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Ecosystem services in agriculture: Determining suitability for provision by collective management


  • Stallman, Heidi R.


Agricultural ecosystems provide many ecosystem services (ES) which are essential to human health and well-being. In turn, some ES affect agricultural productivity. Managing agricultural lands to provide more ES and higher quality ES may be essential for the long-term sustainability of agricultural ecosystems. Most agricultural lands, however, are managed for the short-term production of food, fiber, and fuel, often at the expense of other ES. Proposed solutions to the underprovision of ES often involve government regulation or market incentives. A growing number of scholars, however, recognize the potential for a third approach—cooperative solutions. One important element in determining if an ES is a suitable candidate for cooperative solutions is its resource characteristics. Accordingly, this paper: 1.) provides a framework for determining an ES's suitability for collective management based on its resource characteristics, 2.) provides an in-depth analysis of three agricultural-based ES to show how the framework differentiates between ES and 3.) uses the framework to analyze fourteen agricultural-based ES for their suitability for collective management. Ten out of the fourteen ES analyzed may be well suited (e.g. pollination), suited (e.g. flood control), or moderately suited (e.g. nature recreation) for collective management under current incentive systems in agricultural ecosystems.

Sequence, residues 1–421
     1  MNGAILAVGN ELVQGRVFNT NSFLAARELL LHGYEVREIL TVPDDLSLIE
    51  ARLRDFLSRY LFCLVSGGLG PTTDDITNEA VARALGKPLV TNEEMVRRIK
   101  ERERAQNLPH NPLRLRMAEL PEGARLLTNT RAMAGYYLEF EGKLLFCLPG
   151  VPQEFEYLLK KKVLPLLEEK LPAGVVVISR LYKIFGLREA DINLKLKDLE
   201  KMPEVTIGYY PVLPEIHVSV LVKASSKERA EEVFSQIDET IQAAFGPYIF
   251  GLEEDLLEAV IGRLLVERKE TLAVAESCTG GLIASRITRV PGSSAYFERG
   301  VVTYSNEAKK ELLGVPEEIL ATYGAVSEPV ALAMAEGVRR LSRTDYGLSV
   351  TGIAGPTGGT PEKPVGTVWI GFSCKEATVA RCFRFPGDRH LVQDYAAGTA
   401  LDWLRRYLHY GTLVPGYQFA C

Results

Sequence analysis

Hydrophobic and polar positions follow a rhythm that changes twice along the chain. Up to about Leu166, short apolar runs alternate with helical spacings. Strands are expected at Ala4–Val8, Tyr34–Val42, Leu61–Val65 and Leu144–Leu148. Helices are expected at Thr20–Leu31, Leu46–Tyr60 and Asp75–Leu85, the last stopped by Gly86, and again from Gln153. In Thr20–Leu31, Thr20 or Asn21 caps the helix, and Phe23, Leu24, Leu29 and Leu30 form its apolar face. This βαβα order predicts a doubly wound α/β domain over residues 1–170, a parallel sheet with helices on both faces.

Suggested Citation

  • Stallman, Heidi R., 2011. "Ecosystem services in agriculture: Determining suitability for provision by collective management," Ecological Economics, Elsevier, vol. 71(C), pages 131-139.
  • Handle: RePEc:eee:ecolec:v:71:y:2011:i:c:p:131-139
    DOI: 10.1016/j.ecolecon.2011.08.016

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    Cited by:

    1. McCann, Laura, 2013. "Transaction costs and environmental policy design," Ecological Economics, Elsevier, vol. 88(C), pages 253-262.
    2. Smith, Helen F. & Sullivan, Caroline A., 2014. "Ecosystem services within agricultural landscapes—Farmers' perceptions," Ecological Economics, Elsevier, vol. 98(C), pages 72-80.
    3. Buks, Joanna & Obiedzińska, Agnieszka & Prandecki, Konrad, 0. "Environmental Externalities And Food Security," Journal of Agribusiness and Rural Development, University of Life Sciences, Poznan, Poland, issue 2.
    4. Turner, Katrine Grace & Anderson, Sharolyn & Gonzales-Chang, Mauricio & Costanza, Robert & Courville, Sasha & Dalgaard, Tommy & Dominati, Estelle & Kubiszewski, Ida & Ogilvy, Sue & Porfirio, Luciana &, 2016. "A review of methods, data, and models to assess changes in the value of ecosystem services from land degradation and restoration," Ecological Modelling, Elsevier, vol. 319(C), pages 190-207.
    5. Vincent Bretagnolle & Elsa Berthet, 2012. "Managing grasslands biodiversity at a landscape level to foster ecosystem services in intensive cereal systems: from ecological knowledge to collective action," Post-Print hal-00781244, HAL.
    6. Cong, Rong-Gang & Ekroos, Johan & Smith, Henrik G. & Brady, Mark V., 2016. "Optimizing intermediate ecosystem services in agriculture using rules based on landscape composition and configuration indices," Ecological Economics, Elsevier, vol. 128(C), pages 214-223.
    7. Stallman, Heidi R. & James, Harvey S., 2015. "Determinants affecting farmers' willingness to cooperate to control pests," Ecological Economics, Elsevier, vol. 117(C), pages 182-192.


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